Many people, including in Britain, do not treat them as equals. There is plenty of prejudice against immigrants from central Europe, including beliefs spread in popular newspapers that such immigrants are stealing jobs or scrounging welfare benefits. Such beliefs are false. Unemployment in Britain is low, central Europeans are hard workers, and there is less evidence of those immigrants scrounging welfare benefits than there is of British people doing so. Britain, like other European countries, has always been a land of migrants, who have added greatly to our economic and cultural dynamism over the centuries. In my house in London, when the builders working on it were Polish and I found the labels on the electricity supply written in Polish, I thought of that history.

But these prejudices will fade and become less important, even if they will not disappear altogether. We can now share workers, markets and cultures much more easily than before, which should help Europe become more economically successful.

The decision to join the European Union is about more than only economic gains, however, and it is about more than symbolism—important though both of those things are. What it means above all is that, thanks to the treaties and common institutions of the European Union, the now 25 countries of Europe are forced to find ways to co-operate with one another, to compromise, to reconcile their many differences and conflicts. The treaties oblige them to do that, by law, but also the schedule of having to meet in ministerial summits every month or two, and to send bureaucrats and ambassadors to Brussels, builds this deep into the political and institutional fabric of each country. The habit of compromise and working together cannot be avoided, once you are a member, even if it is uncomfortable.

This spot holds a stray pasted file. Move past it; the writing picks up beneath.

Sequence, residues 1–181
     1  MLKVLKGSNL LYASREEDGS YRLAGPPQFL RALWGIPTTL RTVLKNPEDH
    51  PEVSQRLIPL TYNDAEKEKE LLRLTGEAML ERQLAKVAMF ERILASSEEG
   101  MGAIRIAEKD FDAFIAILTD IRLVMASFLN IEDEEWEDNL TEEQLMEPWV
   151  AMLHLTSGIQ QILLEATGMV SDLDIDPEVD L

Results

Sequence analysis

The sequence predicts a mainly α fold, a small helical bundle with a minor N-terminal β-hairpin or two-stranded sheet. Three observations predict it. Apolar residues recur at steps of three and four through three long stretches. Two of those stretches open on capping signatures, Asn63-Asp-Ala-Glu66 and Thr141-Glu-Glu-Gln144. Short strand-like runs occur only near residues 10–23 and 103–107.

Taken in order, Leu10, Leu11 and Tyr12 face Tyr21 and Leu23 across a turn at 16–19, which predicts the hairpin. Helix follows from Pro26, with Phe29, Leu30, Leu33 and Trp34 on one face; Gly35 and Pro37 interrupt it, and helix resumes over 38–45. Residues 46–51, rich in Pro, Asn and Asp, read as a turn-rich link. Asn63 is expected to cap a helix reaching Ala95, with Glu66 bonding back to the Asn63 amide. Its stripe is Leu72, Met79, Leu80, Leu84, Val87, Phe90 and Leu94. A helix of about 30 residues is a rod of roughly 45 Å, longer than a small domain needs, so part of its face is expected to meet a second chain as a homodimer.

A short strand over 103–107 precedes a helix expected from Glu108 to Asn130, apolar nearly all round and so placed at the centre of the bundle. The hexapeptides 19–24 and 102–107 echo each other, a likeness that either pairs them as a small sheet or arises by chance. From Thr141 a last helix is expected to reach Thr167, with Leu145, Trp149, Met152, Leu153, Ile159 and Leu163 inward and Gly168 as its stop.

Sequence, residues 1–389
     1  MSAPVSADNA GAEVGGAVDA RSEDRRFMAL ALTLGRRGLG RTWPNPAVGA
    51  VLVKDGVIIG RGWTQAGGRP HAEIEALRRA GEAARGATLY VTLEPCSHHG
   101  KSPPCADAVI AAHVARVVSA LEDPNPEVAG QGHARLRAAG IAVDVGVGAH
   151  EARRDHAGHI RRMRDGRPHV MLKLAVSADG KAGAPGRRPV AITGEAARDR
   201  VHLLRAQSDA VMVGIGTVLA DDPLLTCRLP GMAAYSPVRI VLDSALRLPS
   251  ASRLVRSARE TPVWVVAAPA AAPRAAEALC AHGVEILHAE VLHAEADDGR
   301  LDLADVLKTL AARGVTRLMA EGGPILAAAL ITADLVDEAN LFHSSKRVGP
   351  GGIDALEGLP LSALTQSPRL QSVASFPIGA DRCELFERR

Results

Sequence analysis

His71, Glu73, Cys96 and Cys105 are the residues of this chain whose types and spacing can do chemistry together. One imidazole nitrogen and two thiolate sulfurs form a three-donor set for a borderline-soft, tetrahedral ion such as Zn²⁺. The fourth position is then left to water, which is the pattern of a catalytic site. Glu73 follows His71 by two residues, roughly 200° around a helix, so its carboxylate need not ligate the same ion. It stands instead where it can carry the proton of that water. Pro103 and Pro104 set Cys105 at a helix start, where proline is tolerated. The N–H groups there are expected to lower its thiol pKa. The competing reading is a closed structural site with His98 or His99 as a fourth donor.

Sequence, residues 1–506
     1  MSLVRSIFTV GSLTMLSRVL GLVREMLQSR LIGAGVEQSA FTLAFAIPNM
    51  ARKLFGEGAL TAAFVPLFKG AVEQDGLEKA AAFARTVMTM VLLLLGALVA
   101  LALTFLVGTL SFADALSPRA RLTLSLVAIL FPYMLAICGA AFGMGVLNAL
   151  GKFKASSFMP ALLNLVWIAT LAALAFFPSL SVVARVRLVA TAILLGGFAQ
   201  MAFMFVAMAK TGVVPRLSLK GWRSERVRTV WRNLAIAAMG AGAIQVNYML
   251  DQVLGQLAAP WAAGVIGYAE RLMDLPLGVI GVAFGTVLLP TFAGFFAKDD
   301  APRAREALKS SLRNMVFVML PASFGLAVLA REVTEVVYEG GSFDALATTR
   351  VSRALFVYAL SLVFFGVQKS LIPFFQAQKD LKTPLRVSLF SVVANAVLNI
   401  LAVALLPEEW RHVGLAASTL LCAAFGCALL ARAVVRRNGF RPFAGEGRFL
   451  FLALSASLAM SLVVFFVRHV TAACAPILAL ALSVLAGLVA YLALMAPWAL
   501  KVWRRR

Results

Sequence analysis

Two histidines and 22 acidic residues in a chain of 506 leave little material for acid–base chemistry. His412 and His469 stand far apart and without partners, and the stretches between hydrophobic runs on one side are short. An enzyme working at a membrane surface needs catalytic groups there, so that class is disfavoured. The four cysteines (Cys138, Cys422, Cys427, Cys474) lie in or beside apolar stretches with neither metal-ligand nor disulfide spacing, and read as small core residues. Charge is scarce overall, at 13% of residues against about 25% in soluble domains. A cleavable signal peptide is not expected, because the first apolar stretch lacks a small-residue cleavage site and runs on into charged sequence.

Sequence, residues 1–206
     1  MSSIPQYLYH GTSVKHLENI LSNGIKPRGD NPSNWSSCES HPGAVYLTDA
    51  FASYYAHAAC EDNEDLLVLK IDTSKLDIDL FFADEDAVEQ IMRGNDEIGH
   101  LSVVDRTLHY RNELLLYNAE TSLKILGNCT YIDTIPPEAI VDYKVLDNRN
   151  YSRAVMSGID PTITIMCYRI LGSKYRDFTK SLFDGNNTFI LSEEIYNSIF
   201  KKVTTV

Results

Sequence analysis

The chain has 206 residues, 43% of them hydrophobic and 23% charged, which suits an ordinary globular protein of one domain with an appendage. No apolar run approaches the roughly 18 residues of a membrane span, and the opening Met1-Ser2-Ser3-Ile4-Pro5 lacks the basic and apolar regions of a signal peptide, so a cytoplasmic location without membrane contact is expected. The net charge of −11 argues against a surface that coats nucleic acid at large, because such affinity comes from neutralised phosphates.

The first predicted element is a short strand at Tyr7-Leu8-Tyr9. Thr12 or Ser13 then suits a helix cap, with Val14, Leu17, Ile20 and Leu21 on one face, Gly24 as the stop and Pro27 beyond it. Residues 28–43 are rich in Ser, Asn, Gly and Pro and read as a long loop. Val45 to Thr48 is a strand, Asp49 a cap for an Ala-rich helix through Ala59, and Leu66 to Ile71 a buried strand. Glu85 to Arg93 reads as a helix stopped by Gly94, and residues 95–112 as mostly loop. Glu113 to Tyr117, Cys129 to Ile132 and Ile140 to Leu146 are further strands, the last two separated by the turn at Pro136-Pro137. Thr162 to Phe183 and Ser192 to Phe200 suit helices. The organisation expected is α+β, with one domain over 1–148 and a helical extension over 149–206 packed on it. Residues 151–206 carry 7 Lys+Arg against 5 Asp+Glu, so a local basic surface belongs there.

The result is not always pretty. Many common European policies are a muddle. Many needed reforms become blocked because it is impossible to secure agreement among so many countries. While some Europeans may dream of rivalling the United States as a force in world politics, that is in practice impossible because the European Union is inherently unable to take decisive, coherent action in the way that the USA can, when it wants to.

Yet although the result is muddled, and rarely as good as it might theoretically be, the necessity of working in concert definitely has beneficial effects. It reduces prejudice and tempers the normally bitter language of national politics. It forces politicians and officials to think of the international dimension whenever they are contemplating domestic policy changes. It acts to suppress extremism and hasty action. It is not perfect, by any means. But it does, on balance, have a beneficial effect.

Now that almost the whole of Europe is inside the European Union, some people worry that the Union will become unworkable. I am more optimistic than that: the need to work together, and the institutional habit of doing so, will force countries to find ways to make such a large grouping work, even if it takes time. The Union´s great triumph in the 1950s and 1960s was to make the old European enemies, France and Germany, work together and avoid wars, and now the same effect is going to be spread across the whole continent.

Asians, looking at the EU, often conclude that such close co-operation would be impossible in Asia, such are the geographical and cultural differences, as well as political ones. But that is too pessimistic. It takes time. But the dream of Asia, right now, ought to be a dream of building institutional ways to oblige Japan, China and South Korea to work closely together and to avoid the bitter differences that often separate them. Other countries should be involved too. My personal dream, though, would be to see China, Japan and—yes—a unified Korea combined in an Asian union.